Ghana’s president Nana Addo Dankwa Akufo-Addo will for the first time today address Ghanaians on the controversial Ghana-US defence agreement that has widely been criticised.
An artwork posted on Facebook Thursday morning to announce the president’s intention to comment on the matter tonight at 8:00pm did not give details on what he will be saying.
Some people, including Member of Parliament for North Tongu, Samuel Okudzeto Ablakwa, criticized the president for his continuous silence when the matter broke three weeks ago.It is unclear what has necessitated the decision by Nana Akufo-Addo to speak on the matter at a time that the controversy surrounding the agreement appears to have died off.
News of the agreement, which was classified as confidential, emerged on March 20 few hours before it was laid before parliament by the Akufo-Addo-led government for ratification.
Content of the agreement was widely criticised by many Ghanaians including security experts some of who argued at the time that the ratification of the document would grant the US clearance to establish a military base in Ghana and at the same time cede part of the country’s sovereignty to the world superpower.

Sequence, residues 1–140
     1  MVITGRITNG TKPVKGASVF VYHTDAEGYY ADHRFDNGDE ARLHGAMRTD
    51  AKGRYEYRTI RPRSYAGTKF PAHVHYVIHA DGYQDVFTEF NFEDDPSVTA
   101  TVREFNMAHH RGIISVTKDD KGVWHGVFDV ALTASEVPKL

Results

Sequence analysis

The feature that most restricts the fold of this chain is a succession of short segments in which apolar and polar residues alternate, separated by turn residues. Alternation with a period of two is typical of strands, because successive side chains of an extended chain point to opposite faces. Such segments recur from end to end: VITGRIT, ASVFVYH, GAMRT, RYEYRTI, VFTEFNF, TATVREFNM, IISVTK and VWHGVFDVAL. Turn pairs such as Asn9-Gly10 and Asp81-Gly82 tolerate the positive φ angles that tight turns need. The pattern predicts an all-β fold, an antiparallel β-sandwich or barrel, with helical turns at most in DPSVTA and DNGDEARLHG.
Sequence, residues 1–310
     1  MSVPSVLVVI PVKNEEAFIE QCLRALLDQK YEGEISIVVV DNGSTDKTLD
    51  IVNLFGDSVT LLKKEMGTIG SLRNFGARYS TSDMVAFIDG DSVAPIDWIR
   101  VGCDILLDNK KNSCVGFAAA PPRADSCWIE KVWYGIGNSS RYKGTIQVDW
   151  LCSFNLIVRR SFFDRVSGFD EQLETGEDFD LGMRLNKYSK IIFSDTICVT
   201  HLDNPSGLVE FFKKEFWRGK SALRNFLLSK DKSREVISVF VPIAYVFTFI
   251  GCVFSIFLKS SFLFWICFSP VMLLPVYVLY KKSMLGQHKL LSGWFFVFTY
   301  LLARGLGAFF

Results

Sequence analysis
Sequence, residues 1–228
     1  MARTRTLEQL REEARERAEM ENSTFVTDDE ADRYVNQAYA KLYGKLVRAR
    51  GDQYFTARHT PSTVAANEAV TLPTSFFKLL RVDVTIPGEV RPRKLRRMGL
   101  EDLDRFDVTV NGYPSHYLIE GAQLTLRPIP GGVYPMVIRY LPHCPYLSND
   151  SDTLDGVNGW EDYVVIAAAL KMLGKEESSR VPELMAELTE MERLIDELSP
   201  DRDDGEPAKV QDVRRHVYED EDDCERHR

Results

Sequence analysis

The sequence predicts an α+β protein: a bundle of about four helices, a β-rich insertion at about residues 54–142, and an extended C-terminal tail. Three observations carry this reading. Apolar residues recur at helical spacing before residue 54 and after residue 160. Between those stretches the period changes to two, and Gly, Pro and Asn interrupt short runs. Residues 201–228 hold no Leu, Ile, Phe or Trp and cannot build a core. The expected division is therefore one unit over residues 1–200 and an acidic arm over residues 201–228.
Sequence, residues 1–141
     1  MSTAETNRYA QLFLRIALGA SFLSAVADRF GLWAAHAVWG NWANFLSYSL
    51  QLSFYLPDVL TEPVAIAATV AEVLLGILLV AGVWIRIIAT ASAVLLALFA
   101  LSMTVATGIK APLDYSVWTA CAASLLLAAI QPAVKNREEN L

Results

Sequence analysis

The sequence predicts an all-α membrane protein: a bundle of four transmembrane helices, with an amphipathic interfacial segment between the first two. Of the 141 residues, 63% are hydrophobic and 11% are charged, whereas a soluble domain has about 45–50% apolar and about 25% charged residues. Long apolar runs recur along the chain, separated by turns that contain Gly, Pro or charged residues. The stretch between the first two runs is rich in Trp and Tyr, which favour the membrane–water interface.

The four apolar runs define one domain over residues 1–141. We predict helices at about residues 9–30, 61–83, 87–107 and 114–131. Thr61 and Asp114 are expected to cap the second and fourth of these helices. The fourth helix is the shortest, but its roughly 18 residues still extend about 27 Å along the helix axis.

Per the agreement US military personnel, defence contractors and agents among other executive officials have unrestricted access to agreed Ghanaian facilities for military and humanitarian purposes, a situation many fear will compromise the sovereignty of the country.
Even though the Defence Ministry and the US Embassy in Ghana have explained the agreement will inure to the mutual benefits of the two countries, there is still some public outcry including a nationwide demonstration led by Ghana First Patriotic Front.
While some people have sued Ghana over the agreement, efforts are also being made by the National Democratic Congress and other interest groups in the country to overturn the ratification of the agreement.
The president’s address on the agreement, which will be televised live on major news television stations in the country, is expected to settle the dust on the matter.